Review: Jane Wenham the Witch of Walkern

On Saturday 3 October I went to the Watford Palace Theater to see Jane Wenham the Witch of Walkern, written by Rebecca Lenkeiwicz.

Jane WenhamI had several reasons for watching the play. As part of my teaching this year we will be discussing the issues raised in the play. Also one of the historical advisors for the play was Professor Owen Davies, a colleague who works on witchcraft and cunning folk.

The play charts the story of several characters living in the village of Walkern in 1712, but focuses on Ann Thorn (whose mother’s execution for witchcraft opens the play), Jane Wenham, Bridget Hyde and Priddy Goodstern. Over the course of the play Bishop Hutchinson and the Reverend Crane discuss the reality of witchcraft. With Hutchinson explaining to Crane, the younger man, that had he lived through previous eras of witchcraft accusations he would not be so quick to accuse and condemn women. Crane doesn’t heed these warnings and having executed Eleanor Thorn, he begins to look at the other women of the village to assess whether they too are witches. His gaze soon falls upon Jane Wenham the local cunning woman.

The play, being about witchcraft, includes numerous bodily themes and issues.

One character Fergul is having an affair with the local tavern owner widow Higgins. We never meet Fegul’s wife, as she is described as being at home recovering from the latest in a series of miscarriages. Fertility and sexuality are strong themes in the play. In one scene Ann Thorn washes blood from herself in a stream in one scene noting that although she washes it away more always comes. Jane Wenham then suggests that Ann suffers from the same troubled womb as her mother did, which is perhaps reflected in her often hysteric behaviour.

As the play continues we learn that Ann has had sex with several men in the village, but that she vividly remembers an encounter with another young women. This theme is echoed later in the play when it is suggested that Jane also lived with a female lover for several years. The play thus makes an implication that female homosexuality was linked to witchcraft, a suggestion that is not entirely convincing. The bodily sensations of sex are also vivdly discussed by Ann, Bridget Hyde and Priddy Goodstern in a scene where they talk about having sex with the devil (for notions of seventeenth-century notions of satanic sexual activity see my previous post).

An Out of Joint, Watford Palace Theatre and Arcola Theatre co-production, in association with Eastern Angles. Jane Wenham: The Witch of Walkern. Photo Credit: ©Richard Davenport 2015, Richard@rwdavenport.co.uk, 07545642134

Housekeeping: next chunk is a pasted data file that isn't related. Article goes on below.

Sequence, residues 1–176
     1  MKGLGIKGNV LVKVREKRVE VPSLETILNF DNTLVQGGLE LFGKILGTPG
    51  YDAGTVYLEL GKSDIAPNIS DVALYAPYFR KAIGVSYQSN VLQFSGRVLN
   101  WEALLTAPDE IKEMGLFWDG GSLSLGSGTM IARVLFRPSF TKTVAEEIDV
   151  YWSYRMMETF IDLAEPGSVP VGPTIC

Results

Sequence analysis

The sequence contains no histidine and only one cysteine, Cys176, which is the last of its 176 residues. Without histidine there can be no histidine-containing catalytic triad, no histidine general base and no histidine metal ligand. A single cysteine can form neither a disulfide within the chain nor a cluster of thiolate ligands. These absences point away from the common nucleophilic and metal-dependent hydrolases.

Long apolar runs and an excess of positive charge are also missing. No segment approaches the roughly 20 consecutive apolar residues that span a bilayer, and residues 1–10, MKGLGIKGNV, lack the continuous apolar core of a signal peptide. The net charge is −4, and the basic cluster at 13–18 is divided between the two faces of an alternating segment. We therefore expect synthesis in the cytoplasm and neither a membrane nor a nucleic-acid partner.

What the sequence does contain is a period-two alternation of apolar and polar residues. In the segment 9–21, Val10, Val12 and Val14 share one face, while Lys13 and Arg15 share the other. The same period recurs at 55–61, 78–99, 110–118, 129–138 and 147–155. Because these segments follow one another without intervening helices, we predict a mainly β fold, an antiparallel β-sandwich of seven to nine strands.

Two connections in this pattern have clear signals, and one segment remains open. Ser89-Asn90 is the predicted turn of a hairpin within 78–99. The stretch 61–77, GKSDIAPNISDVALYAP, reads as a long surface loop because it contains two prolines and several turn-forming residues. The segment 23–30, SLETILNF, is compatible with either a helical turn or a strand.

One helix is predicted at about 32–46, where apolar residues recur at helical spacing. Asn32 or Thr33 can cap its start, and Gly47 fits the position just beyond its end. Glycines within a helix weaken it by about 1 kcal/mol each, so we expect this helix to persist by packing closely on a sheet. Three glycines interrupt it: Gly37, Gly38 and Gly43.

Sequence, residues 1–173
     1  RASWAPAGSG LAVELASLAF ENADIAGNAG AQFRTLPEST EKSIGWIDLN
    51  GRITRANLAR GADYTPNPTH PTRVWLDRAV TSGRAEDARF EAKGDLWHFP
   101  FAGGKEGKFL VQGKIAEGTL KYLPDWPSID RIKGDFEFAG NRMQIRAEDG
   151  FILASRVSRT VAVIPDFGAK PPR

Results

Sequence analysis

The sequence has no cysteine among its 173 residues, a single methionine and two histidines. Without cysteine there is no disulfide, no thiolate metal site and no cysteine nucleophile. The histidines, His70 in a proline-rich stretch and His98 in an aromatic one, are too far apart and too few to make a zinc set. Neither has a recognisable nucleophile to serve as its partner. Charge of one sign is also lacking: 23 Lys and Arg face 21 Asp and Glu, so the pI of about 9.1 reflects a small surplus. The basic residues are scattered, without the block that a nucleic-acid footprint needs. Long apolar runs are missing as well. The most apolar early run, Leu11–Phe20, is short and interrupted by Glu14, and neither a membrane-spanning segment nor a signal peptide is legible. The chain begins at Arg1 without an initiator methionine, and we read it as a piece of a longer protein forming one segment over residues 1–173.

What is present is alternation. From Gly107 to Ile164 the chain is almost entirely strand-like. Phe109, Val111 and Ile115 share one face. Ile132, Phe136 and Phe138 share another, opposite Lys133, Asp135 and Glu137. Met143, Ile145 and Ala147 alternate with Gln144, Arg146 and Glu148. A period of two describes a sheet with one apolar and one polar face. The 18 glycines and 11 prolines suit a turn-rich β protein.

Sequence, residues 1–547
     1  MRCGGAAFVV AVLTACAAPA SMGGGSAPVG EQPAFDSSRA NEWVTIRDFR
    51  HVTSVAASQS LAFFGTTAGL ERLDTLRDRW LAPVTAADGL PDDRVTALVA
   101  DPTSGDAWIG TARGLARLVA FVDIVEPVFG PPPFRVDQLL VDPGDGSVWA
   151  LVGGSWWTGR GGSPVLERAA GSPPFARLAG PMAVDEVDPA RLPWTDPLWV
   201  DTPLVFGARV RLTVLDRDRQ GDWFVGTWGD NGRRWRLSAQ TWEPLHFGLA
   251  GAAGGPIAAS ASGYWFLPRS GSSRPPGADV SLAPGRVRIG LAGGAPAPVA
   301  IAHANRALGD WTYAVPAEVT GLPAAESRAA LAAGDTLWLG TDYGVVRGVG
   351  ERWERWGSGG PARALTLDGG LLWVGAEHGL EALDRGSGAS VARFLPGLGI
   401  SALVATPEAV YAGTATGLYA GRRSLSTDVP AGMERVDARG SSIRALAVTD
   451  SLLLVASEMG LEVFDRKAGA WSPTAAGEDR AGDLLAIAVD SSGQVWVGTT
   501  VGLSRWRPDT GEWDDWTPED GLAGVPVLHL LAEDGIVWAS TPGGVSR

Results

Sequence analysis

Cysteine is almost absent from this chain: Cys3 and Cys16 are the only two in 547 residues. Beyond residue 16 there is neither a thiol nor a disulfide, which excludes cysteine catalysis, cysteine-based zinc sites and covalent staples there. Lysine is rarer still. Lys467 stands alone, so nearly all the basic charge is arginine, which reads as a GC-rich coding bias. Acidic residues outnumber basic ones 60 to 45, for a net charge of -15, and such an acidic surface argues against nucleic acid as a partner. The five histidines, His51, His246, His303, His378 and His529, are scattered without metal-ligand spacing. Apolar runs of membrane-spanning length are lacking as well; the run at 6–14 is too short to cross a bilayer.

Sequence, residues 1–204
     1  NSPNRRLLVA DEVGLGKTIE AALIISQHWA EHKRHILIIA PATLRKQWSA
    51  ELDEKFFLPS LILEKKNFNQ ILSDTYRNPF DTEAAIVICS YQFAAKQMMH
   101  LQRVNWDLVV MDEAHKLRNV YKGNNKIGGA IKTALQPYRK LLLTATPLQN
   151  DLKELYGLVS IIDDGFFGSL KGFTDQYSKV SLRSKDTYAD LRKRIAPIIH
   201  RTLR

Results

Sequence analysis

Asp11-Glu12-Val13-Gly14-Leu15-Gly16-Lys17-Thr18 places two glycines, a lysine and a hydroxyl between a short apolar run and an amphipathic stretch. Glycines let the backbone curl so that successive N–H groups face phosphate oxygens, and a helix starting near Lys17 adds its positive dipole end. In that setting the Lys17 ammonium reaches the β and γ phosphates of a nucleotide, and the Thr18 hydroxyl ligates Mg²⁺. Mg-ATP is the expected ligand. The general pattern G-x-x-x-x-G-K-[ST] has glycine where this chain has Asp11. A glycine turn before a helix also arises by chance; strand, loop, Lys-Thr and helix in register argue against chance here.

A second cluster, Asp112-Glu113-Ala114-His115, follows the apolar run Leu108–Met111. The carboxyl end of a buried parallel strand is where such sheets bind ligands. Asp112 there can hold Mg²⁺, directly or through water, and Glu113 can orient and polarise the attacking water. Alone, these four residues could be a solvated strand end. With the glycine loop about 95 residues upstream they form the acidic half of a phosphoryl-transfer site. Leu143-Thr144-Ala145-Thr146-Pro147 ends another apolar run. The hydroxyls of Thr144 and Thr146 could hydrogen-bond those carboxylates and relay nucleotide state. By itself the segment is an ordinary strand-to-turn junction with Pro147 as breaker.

An Out of Joint, Watford Palace Theatre and Arcola Theatre co-production, in association with Eastern Angles. Jane Wenham: The Witch of Walkern.
Photo Credit: ©Richard Davenport 2015, Richard@rwdavenport.co.uk, 07545642134

Jane Wenham’s character as a cunning woman means the play also includes references to herbal treatments used in the eighteenth century, “Comfrey for bone-knitting. Heartsease for convulsions. Dandelion for the blood”, and the possets Jane sold villagers to make her living.

Moreover, we learn that Jane was accused of witchcraft in her youth. She recounts how, during her confinement in Hertford gaol, they “put the bootikin on me. They hammered at my leg until the bones were crushed.” Throughout the play reference is made to the physical difficulties Jane encounters from her damaged leg. Pricking a witch to draw their blood is also described in the play, reiterating again the importance of bodies and corporeal experience to early modern life.

Finally the play tackles eighteenth century views on race, through the character of freed slave Kemi Martha. Her body provides an object of fascination for Anne, who asks what colour her blood might be, and if she can touch her skin and hair.

The play brings to life a small community and the social tensions surrounding rather bodily and physical difficulties that play a part in accusations of witchcraft. In places the theme of female sexuality is slightly over played. It feels as though the play is trying to discuss modern issues through eighteenth-century characters. The play was brilliantly acted, particularly by those actors playing more than one part. It might not be the most ‘happy’ play to watch but it is a very engaging look at witchcraft and women’s lives in eighteenth-century rural Hertfordshire.

The production is now on tour, you can see it at the following venues, it will then tour more widely through the UK:

Tue 6 – Sat 17 October East Anglia and Essex Rural Touring
Tue 6: The Cut, Halesworth, Suffolk
Wed 7: Community Centre, Bradfield, Essex
Thu 8: Lakeside Theatre, Uni of Essex, Wivenhoe
Fri 9: Garboldisham Village Hall, Norfolk
Sat 10: Brandeston Village hall, Suffolk
Wed 14: Public Hall, Witham, Essex
Thu 15: Felsted School, Dunmow, Essex
Fri 16: The Curve, Sudbury Ormiston Academy, Suffolk
Sat 17: Woodbridge Community Hall, Suffolk

 

 

3 Responses so far.

  1. […] Early Modern Medicine: Review: Jane Wenham the Witch of Walkern […]
  2. David Harley says:
    Torture was illegal in England, except with a licence from the Privy Council. This was usually only forthcoming in cases of treason. This is one reason why the prosecution and conviction rates for witchcraft were so low in England.
    • Jennifer says:
      Thanks David, I am aware of this. I think it was an interesting thing to include in the play- I got the sense that the play was tackling a range of modern issues by bending the witchcraft story to suit

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